The AC, which is the decision-making body of the university, had in the meeting also taken note of a proposal to open ‘School of Indian Languages’ which will offer Masters programmes and research courses in Hindi, Urdu, Kannada, Tamil, Marathi, Assamese, Bengali and Odia languages.

The proposal has now been forwarded to various departments of the university and the matter will be placed before the AC after their feedback has been received.

The AC, however, rejected a proposal for introduction of short-term courses in ‘Indian Culture’ and ‘Yoga’ for “propagating spiritual and mythological traditions and establishing Indian values in the world”.

India’s first gender university to come up in Kerala

India's first gender university to come up in KeralaThiruvananthapuram: Kerala government is getting ready to set up a first-of-its-kind university in the country, exclusively for research-oriented studies related to gender.

The gender varsity will be located in in Kozhikode district in the campus of Gender Park, an autonomous institution under the state’s Social Justice Department.

A top official said the proposed varsity is conceptualised on the model of similar institutions abroad and many global agencies have already expressed interest to partner with it.

The South Asian Research Centre at the Gender Park will be developed into a full-fledge varsity by next year and it will be the first such university in the country, Gender Park CEO P T M Sunish told PTI on the sidelines of the ongoing International Conference on Gender Equality at nearby Kovalam this morning.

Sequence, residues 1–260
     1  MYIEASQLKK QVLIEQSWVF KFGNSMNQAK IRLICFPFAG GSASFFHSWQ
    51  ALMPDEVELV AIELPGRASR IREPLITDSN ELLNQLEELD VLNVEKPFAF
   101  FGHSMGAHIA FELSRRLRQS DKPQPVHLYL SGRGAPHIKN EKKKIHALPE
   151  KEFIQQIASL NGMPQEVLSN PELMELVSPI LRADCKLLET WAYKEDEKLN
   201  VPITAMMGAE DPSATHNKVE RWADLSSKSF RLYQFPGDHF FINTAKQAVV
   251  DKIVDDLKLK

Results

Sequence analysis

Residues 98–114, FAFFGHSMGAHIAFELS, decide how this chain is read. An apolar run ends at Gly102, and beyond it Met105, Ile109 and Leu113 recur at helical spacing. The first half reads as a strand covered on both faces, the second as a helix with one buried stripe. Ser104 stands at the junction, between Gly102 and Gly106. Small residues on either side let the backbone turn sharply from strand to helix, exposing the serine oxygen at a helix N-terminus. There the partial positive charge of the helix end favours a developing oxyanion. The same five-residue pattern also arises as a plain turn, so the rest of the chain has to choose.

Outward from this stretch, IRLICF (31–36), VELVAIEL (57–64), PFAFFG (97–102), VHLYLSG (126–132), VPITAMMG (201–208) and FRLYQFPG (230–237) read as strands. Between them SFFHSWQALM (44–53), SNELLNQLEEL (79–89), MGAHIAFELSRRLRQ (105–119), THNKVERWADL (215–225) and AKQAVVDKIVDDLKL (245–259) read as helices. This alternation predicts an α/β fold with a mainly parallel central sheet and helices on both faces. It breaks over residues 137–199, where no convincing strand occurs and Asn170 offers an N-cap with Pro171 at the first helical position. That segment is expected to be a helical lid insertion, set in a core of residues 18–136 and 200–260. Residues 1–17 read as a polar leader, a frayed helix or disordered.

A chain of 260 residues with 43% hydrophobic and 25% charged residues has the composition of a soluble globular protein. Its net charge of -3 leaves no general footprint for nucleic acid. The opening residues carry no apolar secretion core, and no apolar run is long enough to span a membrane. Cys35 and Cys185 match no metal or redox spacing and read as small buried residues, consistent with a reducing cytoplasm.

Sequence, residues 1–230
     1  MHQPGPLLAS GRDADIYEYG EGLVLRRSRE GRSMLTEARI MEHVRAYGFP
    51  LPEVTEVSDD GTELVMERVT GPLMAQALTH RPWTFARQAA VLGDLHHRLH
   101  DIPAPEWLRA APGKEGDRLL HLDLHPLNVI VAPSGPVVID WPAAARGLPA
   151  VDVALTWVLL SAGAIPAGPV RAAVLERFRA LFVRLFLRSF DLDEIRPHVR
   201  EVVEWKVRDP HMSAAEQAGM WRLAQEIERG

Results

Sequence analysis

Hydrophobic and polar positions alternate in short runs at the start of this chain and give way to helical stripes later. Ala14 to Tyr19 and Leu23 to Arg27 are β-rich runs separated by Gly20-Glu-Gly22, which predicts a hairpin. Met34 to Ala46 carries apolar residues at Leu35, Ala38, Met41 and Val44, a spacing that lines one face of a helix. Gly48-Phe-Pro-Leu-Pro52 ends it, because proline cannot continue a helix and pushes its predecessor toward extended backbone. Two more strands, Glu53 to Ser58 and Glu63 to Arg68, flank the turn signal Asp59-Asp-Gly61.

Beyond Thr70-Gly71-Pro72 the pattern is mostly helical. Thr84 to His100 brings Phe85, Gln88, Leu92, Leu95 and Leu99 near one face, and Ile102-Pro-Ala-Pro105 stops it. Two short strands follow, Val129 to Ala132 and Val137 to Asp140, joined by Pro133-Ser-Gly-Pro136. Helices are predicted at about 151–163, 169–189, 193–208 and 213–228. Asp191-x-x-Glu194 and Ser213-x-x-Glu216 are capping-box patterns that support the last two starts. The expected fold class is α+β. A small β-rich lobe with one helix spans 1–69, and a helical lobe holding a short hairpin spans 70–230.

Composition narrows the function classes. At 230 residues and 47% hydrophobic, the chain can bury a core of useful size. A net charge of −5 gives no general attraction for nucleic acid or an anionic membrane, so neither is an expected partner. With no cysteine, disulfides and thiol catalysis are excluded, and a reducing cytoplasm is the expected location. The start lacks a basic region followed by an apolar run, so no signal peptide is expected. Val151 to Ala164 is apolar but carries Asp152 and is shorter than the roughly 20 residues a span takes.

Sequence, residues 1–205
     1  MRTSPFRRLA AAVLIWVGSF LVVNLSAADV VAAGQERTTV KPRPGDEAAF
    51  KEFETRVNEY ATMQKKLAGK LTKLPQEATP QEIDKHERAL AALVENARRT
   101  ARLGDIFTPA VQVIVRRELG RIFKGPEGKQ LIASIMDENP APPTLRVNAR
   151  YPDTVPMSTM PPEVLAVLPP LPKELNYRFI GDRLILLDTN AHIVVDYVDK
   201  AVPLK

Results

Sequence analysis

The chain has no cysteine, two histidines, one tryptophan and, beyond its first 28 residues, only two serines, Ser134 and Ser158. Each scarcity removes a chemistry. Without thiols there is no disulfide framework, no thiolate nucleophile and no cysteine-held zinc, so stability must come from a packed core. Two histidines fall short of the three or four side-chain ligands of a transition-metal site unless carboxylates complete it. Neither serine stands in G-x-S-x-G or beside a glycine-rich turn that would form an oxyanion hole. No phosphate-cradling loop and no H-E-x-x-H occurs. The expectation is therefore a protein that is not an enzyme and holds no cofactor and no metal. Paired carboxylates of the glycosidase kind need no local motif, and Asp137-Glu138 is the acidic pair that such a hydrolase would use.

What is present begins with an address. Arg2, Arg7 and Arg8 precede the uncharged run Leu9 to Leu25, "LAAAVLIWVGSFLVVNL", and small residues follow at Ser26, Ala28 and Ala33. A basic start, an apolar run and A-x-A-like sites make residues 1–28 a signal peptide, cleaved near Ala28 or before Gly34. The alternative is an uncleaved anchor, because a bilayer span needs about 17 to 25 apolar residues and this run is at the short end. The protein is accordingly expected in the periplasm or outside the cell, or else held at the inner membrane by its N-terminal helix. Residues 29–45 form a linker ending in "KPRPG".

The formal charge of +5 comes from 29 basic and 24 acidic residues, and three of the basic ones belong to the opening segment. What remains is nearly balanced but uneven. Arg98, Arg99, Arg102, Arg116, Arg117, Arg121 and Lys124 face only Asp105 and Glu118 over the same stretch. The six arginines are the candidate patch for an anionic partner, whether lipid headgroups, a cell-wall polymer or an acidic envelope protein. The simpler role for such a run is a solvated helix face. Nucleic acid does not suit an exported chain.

“Gender studies have begun in our country especially in Kerala at a high time. We had focussed on industrialisation, health and other similar streams but did not show much interest in the area of gender equality earlier,” he said.

“Kerala government’s first brave step in this regard was the Gender Park. By setting up the Park, our aim was to bring changes in gender-related matters through effective policy interventions. We planned the South Asian Research Centre at the Gender Park as an extension of the plan and the Gender University plan is the latest in this regard,” he said.

Sunish, who is also the Managing Director of the Kerala State Women’s Development Corporation, said the Gender University is expected to be a reality by the end of next year. .

IIT students plan cycle-sharing system for on-campus transport